Jump to content

  • Log In with Google      Sign In   
  • Create Account

Representing interval set with values for pixel values

Old topic!

Guest, the last post of this topic is over 60 days old and at this point you may not reply in this topic. If you wish to continue this conversation start a new topic.

  • You cannot reply to this topic
5 replies to this topic

#1   Members   -  Reputation: 439


Posted 19 March 2012 - 12:59 PM

Edit: Here's an image that visualizes what I'm trying to do here...

Posted Image

If you need to store some regular values (like R/G/B intensities) for your pixels, it's quite easy. Just use a colour framebuffer.

vec3 ThisPixel = (value0, value1, value2);	 // Easy

Now, I want to store an interval set with values for my pixels. How can I do something like that?

The process of storing an interval set in memory is tricky to begin with. Because there could be a various number of intervals in the set.

// Here's how you can do it in RAM

struct IntervalWithValue
	 float IntervalStart;
	 float IntervalEnd;
	 vec3 IntervalValue;

std::vector<IntervalWithValue> IntervalSet;

IntervalSet.push_back(IntervalWithValue(0.1, 0.3, vec3(255, 0, 0)));
IntervalSet.push_back(IntervalWithValue(0.5, 1.0, vec3(0, 255, 0)));

auto ThisPixel = IntervalSet;

I know it's probably really confusing what I want...

Let me explain it this way. Right now, it's easy to store and manipulate colour values in a colour framebuffer for each pixel.

But what if I want to store and later manipulate interval set with value (as defined in code above) for my pixel values? How can I store that in some sort of framebuffer on the GPU?

One of my thoughts was... if I know my interval sets will contain no more than 4 intervals, then perhaps I could use 4 framebuffers (or 4 textures, whatever). And define some sort of notation, like:

framebuffer(Number).r = IntervalSet[Number].IntervalStart;
framebuffer(Number).g = IntervalSet[Number].IntervalEnd;
framebuffer(Number).b = IntervalSet[Number].IntervalValue;

Any other ideas? Thank you!

Edited by shurcool, 19 March 2012 - 01:43 PM.

#2   Members   -  Reputation: 1819


Posted 19 March 2012 - 01:21 PM

What Are You Doing, Really™? GPUs are in general not very well-suited to variable-length data like that. Bad for concurrency.
clb: At the end of 2012, the positions of jupiter, saturn, mercury, and deimos are aligned so as to cause a denormalized flush-to-zero bug when computing earth's gravitational force, slinging it to the sun.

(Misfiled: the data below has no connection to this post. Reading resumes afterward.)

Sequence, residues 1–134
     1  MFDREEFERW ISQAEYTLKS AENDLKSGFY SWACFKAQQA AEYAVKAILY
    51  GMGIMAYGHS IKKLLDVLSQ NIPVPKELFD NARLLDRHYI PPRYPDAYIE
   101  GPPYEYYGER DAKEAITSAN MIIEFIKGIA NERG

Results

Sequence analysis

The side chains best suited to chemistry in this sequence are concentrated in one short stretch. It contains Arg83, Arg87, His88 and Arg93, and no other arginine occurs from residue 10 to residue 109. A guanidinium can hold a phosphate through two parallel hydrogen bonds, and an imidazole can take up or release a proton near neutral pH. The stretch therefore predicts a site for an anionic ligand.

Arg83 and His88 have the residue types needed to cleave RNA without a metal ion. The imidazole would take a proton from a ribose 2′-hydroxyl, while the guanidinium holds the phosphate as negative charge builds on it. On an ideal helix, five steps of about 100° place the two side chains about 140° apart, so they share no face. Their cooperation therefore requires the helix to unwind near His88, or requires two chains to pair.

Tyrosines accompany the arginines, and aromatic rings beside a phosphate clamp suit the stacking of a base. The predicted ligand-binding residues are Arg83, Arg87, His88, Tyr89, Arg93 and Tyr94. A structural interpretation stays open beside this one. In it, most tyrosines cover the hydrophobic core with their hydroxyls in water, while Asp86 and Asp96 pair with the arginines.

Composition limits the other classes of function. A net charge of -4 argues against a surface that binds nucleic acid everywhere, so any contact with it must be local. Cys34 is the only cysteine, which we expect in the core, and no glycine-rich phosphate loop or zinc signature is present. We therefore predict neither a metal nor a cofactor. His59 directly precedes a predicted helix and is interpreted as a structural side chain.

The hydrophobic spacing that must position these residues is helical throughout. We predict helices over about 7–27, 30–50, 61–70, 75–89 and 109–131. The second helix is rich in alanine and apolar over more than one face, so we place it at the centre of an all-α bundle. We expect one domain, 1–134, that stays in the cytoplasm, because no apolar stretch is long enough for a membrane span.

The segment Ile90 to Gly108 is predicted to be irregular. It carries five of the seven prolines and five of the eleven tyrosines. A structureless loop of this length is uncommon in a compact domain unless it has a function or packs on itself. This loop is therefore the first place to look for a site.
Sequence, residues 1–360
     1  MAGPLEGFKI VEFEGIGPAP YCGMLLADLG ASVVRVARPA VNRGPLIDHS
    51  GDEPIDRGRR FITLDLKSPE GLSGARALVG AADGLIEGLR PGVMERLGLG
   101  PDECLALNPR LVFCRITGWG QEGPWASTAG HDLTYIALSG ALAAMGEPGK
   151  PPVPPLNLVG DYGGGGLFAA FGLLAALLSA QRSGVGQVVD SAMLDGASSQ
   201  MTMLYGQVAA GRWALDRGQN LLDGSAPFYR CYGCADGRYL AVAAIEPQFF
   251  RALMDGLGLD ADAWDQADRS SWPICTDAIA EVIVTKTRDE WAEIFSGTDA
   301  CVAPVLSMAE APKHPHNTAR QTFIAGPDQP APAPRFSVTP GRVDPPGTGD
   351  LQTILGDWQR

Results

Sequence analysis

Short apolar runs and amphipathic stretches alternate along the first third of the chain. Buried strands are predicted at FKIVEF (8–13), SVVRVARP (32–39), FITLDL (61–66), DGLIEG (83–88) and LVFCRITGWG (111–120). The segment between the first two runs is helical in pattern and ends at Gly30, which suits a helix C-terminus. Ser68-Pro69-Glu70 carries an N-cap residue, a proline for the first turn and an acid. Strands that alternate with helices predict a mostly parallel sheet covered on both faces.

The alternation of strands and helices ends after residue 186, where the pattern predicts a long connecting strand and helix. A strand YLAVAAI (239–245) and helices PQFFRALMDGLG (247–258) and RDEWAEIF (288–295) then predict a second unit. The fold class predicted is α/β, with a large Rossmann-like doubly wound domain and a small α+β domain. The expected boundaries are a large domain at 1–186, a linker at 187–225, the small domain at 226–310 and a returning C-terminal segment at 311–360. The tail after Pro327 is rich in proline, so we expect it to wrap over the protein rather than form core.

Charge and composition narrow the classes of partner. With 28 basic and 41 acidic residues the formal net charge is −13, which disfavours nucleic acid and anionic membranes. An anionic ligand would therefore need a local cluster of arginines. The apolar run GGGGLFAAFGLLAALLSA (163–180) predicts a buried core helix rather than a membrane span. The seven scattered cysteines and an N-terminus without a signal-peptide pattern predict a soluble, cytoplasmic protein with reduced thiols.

#3   Members   -  Reputation: 439


Posted 19 March 2012 - 01:35 PM

I was afraid of that, but I thought it'd be worth asking anyway.

I've made an image to demonstrate what I want; added it to original post.

What I'm doing... is an experimental way of rendering non-standard images. Sure, I can go into details, but atm I want to see if this abstract graphics problem generates any interesting discussion/ideas on its own.

#4   Members   -  Reputation: 1304


Posted 19 March 2012 - 09:22 PM

Its a shame this is marked as OpenGL, because its quite easy to do in DirectX11 (albiet you wouldnt be writing to a framebuffer, but a UAV). Check out the "Linked List OIT" examples.

Actually, a quick google search returned this which is OpenGL:

#5   Members   -  Reputation: 439


Posted 19 March 2012 - 11:05 PM


Thanks for that info Digitalfragment, it looks very relevant and promising; I'm gonna look more into its details soon. I assume you were referring to this in the DirectX 11 world.

To those curious what I need this for, it's to extend my Non-Zero Exposure Time (i.e. Motion Blur) Rendering technique/demo. Right now, it does simple single-colour shaded non-overlapping triangles with a regular framebuffer, but if I wanna do overlapping geometry properly, I need something akin to Order-Independent Transparency. They've even mentioned Motion Blur as one of their potential future works, hehe.

You can see a WebGL version of my current Motion Blur demo here:

Posted Image


#6   Members   -  Reputation: 1304


Posted 20 March 2012 - 12:15 AM

Yeah, thats the demo I was referring to - it's a pretty awesome lead in to the things that can now be done with gpgpu.

I can see the use for it in motion blurring. Another use for it is resolving subpixel triangles without aliasing.

Old topic!

Guest, the last post of this topic is over 60 days old and at this point you may not reply in this topic. If you wish to continue this conversation start a new topic.